As for specific examples, again, the primary source of enthusiasm is on YouTube, and I particularly like Geoff Marshall's videos (yes, also British; I guess I'm just more partial to British things!) On the Japanese side there's a whole bunch of other things that tend to get interest, and there is like 30 different types of train fans in Japan, ranging from your "I like to take pictures of trains" guy to the "I will ride on every train" kind of guy to even "I collect the meals that they sell in train stations" type of guy. In particular, there's a bunch of people who like to collect the sounds of stations, and make new music based on them.

I even wrote a bit about the musical side here.

It's a wild world out there with train fans, but there's plenty of resources about them so I think this is a good enough stopping point.

Bus fans

Perhaps the least well-known of the four, being a bus fan is yet somehow the one I see outside most often.

The origin of this hobby is not that hard to understand. People here know a lot about buses, because they are in contact with them often. There are a lot of buses and bus routes, and they all have numbers on them and they go places that people want to go to – the immortal phrase "I go to school by bus" being most emblematic of that – so naturally people love them a lot. And these people grow up and they become the bus fans we know today.

As with the roads people the bus people also have their own disturbingly comprehensive wiki, although it is hosted on Wikia because the concept of using open and less ad-infested places is something that doesn't transfer as well to the HK audience I guess. Also it's in Chinese only, which I think you can understand.

HKBUS wiki

But if you can walk past that, it's actually very comprehensive, and to this day I know of no better resource to any resource about buses than this wiki. In fact, they had trouble with the Chinese Wikipedia copying text off of them without respecting the Creative Commons License.

Otherwise, there is a contingent of (surprisingly young) boys that spend most of their free time recording videos of bus trips. Usually they have overlays too which give you information about which stop is next, what road the bus is on and how much it costs to get on at this point.

If that wasn't enough, there's also a nice forum that discusses bus routes and "engages in urban fantasy" – that is, make up new bus routes and thinking how nice that would be – again, mostly in Chinese. It's a nice place but I don't go there so I don't really know too much about what's going on there.

Okay, so what's the big deal here?

The big deal, and the thing I want to talk about most when discussing those four, is how one of them treats their subject matter a little differently from another.

Curator and Creator

In fandom, there is a sliding scale or a bimodal distribution of what people like to do with the things that they like. You might have heard of it: it's the curators–creators dichotomy.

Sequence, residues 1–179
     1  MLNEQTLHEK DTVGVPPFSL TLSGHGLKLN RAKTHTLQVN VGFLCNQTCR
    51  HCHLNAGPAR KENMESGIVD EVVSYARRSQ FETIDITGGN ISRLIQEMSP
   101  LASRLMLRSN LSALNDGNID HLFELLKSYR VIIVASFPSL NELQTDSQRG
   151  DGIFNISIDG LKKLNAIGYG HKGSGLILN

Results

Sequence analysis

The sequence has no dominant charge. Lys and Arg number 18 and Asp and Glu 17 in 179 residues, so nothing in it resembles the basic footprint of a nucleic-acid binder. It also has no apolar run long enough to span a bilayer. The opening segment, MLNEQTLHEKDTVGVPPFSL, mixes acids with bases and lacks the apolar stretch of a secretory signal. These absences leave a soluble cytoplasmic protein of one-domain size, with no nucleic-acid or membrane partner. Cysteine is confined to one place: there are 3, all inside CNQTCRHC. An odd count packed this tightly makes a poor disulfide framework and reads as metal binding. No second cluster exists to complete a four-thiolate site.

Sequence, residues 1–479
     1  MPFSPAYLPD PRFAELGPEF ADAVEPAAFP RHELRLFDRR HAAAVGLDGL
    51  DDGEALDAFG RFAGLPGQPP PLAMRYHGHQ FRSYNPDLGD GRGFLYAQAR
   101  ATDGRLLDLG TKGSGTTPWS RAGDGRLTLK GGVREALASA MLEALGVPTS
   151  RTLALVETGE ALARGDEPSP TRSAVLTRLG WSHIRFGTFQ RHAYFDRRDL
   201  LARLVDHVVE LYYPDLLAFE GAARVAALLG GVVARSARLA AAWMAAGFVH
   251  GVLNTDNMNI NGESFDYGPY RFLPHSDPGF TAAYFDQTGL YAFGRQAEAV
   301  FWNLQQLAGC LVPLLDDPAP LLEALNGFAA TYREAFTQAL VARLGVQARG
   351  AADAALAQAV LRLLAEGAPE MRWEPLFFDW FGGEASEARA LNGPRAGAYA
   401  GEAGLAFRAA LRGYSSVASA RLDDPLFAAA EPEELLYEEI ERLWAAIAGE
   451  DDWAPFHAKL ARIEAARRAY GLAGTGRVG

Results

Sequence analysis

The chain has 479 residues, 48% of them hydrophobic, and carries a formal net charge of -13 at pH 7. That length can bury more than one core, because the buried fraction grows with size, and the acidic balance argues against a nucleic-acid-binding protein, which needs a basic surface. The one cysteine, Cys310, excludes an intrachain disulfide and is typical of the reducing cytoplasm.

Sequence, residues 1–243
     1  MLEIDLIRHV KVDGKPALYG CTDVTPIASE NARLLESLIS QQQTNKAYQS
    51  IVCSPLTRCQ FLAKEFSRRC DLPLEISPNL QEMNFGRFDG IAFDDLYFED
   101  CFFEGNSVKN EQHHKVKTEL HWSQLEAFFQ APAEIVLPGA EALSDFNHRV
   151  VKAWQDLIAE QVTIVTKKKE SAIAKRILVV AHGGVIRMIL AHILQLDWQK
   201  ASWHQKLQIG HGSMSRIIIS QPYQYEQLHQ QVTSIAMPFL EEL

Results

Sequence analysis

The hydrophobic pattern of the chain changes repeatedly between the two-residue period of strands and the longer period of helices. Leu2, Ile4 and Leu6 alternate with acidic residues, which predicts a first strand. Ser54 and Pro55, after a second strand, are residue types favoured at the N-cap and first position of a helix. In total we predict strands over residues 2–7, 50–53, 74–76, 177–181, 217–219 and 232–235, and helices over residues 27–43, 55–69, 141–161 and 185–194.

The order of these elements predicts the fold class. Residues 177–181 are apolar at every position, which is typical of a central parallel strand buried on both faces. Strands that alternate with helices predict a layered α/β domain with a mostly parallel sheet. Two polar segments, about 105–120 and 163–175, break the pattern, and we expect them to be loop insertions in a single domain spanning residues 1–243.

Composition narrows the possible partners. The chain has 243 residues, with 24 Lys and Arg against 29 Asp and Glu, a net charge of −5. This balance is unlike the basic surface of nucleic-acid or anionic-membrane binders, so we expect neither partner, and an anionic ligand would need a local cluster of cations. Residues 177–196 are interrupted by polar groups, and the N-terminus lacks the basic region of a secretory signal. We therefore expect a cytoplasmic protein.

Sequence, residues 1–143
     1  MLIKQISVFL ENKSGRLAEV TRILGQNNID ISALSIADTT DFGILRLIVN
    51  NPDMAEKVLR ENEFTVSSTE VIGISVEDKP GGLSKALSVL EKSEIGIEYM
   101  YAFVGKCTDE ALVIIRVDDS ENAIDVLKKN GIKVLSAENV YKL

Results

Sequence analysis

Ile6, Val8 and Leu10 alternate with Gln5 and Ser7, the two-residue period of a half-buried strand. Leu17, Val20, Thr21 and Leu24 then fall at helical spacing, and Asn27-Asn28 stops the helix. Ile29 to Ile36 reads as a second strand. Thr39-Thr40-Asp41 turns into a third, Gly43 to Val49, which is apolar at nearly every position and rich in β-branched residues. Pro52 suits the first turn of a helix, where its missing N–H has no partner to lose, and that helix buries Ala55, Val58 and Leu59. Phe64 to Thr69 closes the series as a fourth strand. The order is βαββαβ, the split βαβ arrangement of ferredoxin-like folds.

Another way to think about it is that curators are likened to nouns, preferring static things and structure, whereas creators are verb-like, preferring to do and make and keeping things fluid and interesting.

I am now making the following claim: of these four, only a "car guy" is a creator-friendly field. Everyone else is curator-friendly, or more accurately, creator-hostile. That is to say, there is little room for creativity in the public transport space, as compared to the significantly more open room for cars.

As an aside, I would like to note the general stereotype of creators being more womanly, and the curators being the men. Granted, all four of these hobbies are about twelve parts male to one part literally anyone else, but there's just something funny for me about this kind particular distinction.

Everyone is ultimately dependent on some higher power to create in these spaces, but much less so for cars

If you're a car enthusiast, chances are you would have spent some time thinking about what you want to do with your car. It could be as anodyne as deciding where to go for your next exploration trip, or it could be something more like going to a track day or a PA meeting, or it could in fact be something like modifying your car. It's not excessively difficult; perhaps not as simple as it is for upgrading a computer, but some changes are doable with minimal fuss and cost.

It is this particular aspect that I would like to emphasise as being a qualitative and more importantly categorical difference that a car enthusiast is different from being a transport enthusiast or a roads engineer. There is a lot of participation needed when it comes to the upkeep of a car, whether it is to actually use one, or to tinker with one. It's a lot like a computer, in that sense, and I know some people who might wince at that thought.